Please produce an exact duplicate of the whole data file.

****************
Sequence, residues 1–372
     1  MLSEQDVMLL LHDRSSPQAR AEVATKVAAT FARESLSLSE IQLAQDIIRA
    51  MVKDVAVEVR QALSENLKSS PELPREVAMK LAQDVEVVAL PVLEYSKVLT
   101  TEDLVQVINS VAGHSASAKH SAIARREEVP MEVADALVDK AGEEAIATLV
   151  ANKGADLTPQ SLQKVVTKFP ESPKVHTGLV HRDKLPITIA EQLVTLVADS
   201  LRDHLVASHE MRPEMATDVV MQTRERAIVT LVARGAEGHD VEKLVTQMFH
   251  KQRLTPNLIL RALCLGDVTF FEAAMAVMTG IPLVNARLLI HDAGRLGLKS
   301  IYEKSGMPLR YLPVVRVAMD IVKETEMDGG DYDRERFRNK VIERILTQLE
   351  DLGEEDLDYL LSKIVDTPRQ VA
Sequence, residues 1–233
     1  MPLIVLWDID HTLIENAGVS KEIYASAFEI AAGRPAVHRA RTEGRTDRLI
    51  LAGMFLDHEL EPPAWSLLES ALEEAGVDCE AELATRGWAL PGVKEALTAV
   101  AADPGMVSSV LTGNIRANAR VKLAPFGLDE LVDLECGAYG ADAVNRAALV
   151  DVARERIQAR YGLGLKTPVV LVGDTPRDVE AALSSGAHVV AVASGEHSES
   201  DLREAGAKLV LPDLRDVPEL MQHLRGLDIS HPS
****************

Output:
Sequence, residues 1–372
     1  MLSEQDVMLL LHDRSSPQAR AEVATKVAAT FARESLSLSE IQLAQDIIRA
    51  MVKDVAVEVR QALSENLKSS PELPREVAMK LAQDVEVVAL PVLEYSKVLT
   101  TEDLVQVINS VAGHSASAKH SAIARREEVP MEVADALVDK AGEEAIATLV
   151  ANKGADLTPQ SLQKVVTKFP ESPKVHTGLV HRDKLPITIA EQLVTLVADS
   201  LRDHLVASHE MRPEMATDVV MQTRERAIVT LVARGAEGHD VEKLVTQMFH
   251  KQRLTPNLIL RALCLGDVTF FEAAMAVMTG IPLVNARLLI HDAGRLGLKS
   301  IYEKSGMPLR YLPVVRVAMD IVKETEMDGG DYDRERFRNK VIERILTQLE
   351  DLGEEDLDYL LSKIVDTPRQ VA
Sequence, residues 1–233
     1  MPLIVLWDID HTLIENAGVS KEIYASAFEI AAGRPAVHRA RTEGRTDRLI
    51  LAGMFLDHEL EPPAWSLLES ALEEAGVDCE AELATRGWAL PGVKEALTAV
   101  AADPGMVSSV LTGNIRANAR VKLAPFGLDE LVDLECGAYG ADAVNRAALV
   151  DVARERIQAR YGLGLKTPVV LVGDTPRDVE AALSSGAHVV AVASGEHSES
   201  DLREAGAKLV LPDLRDVPEL MQHLRGLDIS HPS